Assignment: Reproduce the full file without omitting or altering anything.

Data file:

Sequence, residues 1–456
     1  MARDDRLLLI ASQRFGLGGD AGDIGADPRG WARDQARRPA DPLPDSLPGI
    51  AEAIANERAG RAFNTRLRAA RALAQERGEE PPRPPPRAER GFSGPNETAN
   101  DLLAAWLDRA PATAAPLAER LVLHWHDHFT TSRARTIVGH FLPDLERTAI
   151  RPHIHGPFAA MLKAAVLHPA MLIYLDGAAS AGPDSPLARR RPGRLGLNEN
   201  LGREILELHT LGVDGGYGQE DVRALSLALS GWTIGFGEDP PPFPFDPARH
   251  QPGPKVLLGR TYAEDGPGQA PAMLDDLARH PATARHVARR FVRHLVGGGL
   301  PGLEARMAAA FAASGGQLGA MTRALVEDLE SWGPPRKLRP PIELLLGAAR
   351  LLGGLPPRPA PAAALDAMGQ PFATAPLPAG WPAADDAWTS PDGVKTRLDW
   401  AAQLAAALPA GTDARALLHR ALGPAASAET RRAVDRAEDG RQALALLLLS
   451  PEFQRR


Sequence, residues 1–456
     1  MARDDRLLLI ASQRFGLGGD AGDIGADPRG WARDQARRPA DPLPDSLPGI
    51  AEAIANERAG RAFNTRLRAA RALAQERGEE PPRPPPRAER GFSGPNETAN
   101  DLLAAWLDRA PATAAPLAER LVLHWHDHFT TSRARTIVGH FLPDLERTAI
   151  RPHIHGPFAA MLKAAVLHPA MLIYLDGAAS AGPDSPLARR RPGRLGLNEN
   201  LGREILELHT LGVDGGYGQE DVRALSLALS GWTIGFGEDP PPFPFDPARH
   251  QPGPKVLLGR TYAEDGPGQA PAMLDDLARH PATARHVARR FVRHLVGGGL
   301  PGLEARMAAA FAASGGQLGA MTRALVEDLE SWGPPRKLRP PIELLLGAAR
   351  LLGGLPPRPA PAAALDAMGQ PFATAPLPAG WPAADDAWTS PDGVKTRLDW
   401  AAQLAAALPA GTDARALLHR ALGPAASAET RRAVDRAEDG RQALALLLLS
   451  PEFQRR